It did strike me as massively ironic that my proposal was built around trying to cut out the middle man but this new arrangement has as many middle men as before involved, albeit, getting less money for their part. The next step is to meet with one of the local disability organisations who help set up the plan and advise on issues like contracts etc. They have a contract with the council for providing this type of support. Then there is the payroll company that also has a contract with the council to administer service users’ payroll systems. And finally, there is the company who provide the pre-paid cards – another organisation contracted by the council. The more I’m involved in these systems, the more it seems that whenever you lift up any social care scheme, you’ll find several parasites underneath, eager for their cut of the spoils.

One thing that still confuses me about personal budgets is what they can be used for. I’m forever reading stories from the “inclusion” and “in control” groups about the the budgets being used to pay for memberships, season tickets, trips abroad, social trips out. These sort of things have never come up when I’ve discussed Steven’s care needs with Hillingdon. If I’m totally honest, and sorry to piss some of the inclusion people off, I’m not sure that personal budgets should be used for these sort of things. Steven pays for his gym membership and his entrance fees to the swimming pool out of his normal monthly income. Like me. I don’t have a problem with the personal budget going on support and expenses directly related to his learning disability but I can’t see how these other costs are justified. But whatever my personal feelings about the matter, I still don’t understand how people get these sort of activities into their personal budgets. I’m sure Hillingdon would laugh at me if I said I wanted Steven’s personal budget to cover his weekly charges at the Mencap Pool.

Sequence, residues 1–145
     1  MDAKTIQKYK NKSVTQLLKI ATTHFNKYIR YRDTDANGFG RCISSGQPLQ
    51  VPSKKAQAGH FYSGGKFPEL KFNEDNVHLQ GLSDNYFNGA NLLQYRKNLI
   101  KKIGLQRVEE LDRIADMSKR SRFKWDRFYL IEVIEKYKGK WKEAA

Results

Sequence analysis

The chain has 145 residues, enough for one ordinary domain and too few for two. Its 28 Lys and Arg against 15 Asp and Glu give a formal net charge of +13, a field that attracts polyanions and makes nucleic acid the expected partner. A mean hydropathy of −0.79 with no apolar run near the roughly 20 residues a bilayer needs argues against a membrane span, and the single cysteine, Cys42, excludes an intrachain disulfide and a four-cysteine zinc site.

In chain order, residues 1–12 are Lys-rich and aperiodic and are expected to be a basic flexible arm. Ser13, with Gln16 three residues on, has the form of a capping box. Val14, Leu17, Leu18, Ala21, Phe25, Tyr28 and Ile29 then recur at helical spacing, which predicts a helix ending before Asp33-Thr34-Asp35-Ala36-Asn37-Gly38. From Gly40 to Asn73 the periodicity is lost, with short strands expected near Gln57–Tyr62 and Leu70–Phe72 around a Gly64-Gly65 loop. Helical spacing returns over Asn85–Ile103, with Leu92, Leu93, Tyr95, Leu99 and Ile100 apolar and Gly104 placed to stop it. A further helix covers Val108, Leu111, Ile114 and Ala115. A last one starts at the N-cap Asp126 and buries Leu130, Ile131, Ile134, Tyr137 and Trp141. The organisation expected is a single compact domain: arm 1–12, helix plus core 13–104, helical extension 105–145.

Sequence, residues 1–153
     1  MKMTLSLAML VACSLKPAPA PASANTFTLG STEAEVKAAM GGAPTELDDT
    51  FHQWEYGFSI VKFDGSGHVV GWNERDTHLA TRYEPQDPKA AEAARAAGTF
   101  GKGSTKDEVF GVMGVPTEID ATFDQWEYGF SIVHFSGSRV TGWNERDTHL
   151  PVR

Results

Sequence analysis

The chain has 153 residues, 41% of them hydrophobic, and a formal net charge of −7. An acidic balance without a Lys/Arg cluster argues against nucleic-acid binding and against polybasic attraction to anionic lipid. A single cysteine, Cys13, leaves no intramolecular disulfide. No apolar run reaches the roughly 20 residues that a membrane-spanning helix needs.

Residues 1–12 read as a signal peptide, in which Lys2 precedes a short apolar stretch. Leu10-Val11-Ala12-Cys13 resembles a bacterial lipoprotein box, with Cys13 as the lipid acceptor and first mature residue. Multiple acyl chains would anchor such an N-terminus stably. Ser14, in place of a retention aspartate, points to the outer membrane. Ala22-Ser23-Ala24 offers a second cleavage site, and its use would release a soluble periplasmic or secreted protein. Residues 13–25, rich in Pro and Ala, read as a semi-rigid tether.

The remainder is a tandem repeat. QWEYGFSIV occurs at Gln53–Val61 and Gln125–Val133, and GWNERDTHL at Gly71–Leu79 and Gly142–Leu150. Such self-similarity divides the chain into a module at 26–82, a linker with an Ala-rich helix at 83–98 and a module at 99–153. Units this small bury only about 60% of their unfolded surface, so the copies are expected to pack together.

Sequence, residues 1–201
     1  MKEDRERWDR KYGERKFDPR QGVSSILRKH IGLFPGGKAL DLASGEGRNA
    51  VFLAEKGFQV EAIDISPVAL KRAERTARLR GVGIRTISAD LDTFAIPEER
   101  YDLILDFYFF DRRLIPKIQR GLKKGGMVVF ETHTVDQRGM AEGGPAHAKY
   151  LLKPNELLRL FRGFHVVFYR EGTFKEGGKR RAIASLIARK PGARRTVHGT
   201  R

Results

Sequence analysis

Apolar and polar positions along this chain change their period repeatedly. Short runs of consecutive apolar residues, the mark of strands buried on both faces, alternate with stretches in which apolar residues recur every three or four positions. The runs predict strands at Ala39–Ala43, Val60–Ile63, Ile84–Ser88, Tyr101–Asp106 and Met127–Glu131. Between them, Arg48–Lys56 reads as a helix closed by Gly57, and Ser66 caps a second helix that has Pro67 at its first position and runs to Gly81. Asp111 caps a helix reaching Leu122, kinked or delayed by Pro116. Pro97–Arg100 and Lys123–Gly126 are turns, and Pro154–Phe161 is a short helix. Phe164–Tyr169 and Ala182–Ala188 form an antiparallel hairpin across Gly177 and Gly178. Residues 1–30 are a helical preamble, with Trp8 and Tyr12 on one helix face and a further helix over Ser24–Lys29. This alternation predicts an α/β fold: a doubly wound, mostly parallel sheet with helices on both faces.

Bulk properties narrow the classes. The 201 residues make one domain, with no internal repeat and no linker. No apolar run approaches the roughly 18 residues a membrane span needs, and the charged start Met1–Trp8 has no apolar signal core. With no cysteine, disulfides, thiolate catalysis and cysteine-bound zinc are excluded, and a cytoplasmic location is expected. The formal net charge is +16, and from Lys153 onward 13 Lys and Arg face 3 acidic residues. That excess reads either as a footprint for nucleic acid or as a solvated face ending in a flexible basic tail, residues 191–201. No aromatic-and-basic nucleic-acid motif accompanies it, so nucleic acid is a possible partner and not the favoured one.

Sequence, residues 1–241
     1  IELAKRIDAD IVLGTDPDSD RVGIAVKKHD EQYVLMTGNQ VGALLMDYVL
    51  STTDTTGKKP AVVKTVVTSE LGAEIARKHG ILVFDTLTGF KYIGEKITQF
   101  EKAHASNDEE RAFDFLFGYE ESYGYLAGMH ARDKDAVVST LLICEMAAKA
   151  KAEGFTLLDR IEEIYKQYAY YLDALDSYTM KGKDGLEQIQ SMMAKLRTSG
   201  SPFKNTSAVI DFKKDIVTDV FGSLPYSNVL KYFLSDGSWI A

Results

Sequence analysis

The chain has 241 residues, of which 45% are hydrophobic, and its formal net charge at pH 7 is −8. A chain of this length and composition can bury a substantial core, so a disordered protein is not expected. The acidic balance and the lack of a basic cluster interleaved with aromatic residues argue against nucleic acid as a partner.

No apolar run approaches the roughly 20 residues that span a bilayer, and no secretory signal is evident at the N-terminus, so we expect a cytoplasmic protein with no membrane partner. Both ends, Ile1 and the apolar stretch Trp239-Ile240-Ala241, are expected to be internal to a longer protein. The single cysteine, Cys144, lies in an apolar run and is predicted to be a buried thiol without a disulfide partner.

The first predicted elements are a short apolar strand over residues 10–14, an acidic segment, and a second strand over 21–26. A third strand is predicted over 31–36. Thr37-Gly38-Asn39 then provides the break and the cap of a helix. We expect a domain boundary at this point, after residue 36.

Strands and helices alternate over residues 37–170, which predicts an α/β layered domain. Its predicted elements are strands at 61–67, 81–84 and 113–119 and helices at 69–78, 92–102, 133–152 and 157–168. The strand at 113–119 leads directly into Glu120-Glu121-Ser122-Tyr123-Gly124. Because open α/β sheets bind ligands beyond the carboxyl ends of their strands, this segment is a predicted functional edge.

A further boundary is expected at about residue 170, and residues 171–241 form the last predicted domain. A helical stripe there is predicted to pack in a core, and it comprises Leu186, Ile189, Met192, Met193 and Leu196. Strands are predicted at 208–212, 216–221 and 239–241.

Anyways, this all starts on 1st April. Before then, I have to meet with the disability organisation to draw up the staff contracts and to be introduced to the payroll company. All the current support workers have agreed to the change over and we’ll have our first team meeting in a couple of weeks to iron out any potential problems. There is still the tricky job of notifying the support agency that our contract has come to an end – they won’t be happy.

I’m pleased. All of this time and energy feels like another important step in doing the right thing for Steven now and also securing his future. He now has his own home, and should something happen to me, it will be much harder for the council to move him away from his own home. The same applies with the new budget – once it is in place and working well, it will be tougher for the council to take it away from him. I just wish the social care world wasn’t so bloody complicated where even the smallest interaction needs military like planning. I think I’ve become pretty sharp at the tactical stuff but my goodness, it doesn’t half wear you out.

I’m not sure if all this is a success story for “personalisation”. I know a lot of readers of the blog feel that it is. The outcome may be good but it has always been about money first and foremost – Steven’s needs come way down the pecking order behind cash. I think we’ve reached the point in the social care world where we have to acknowledge that and for the authorities to be transparent about that and then just get on with the business of taking charge of the care we need.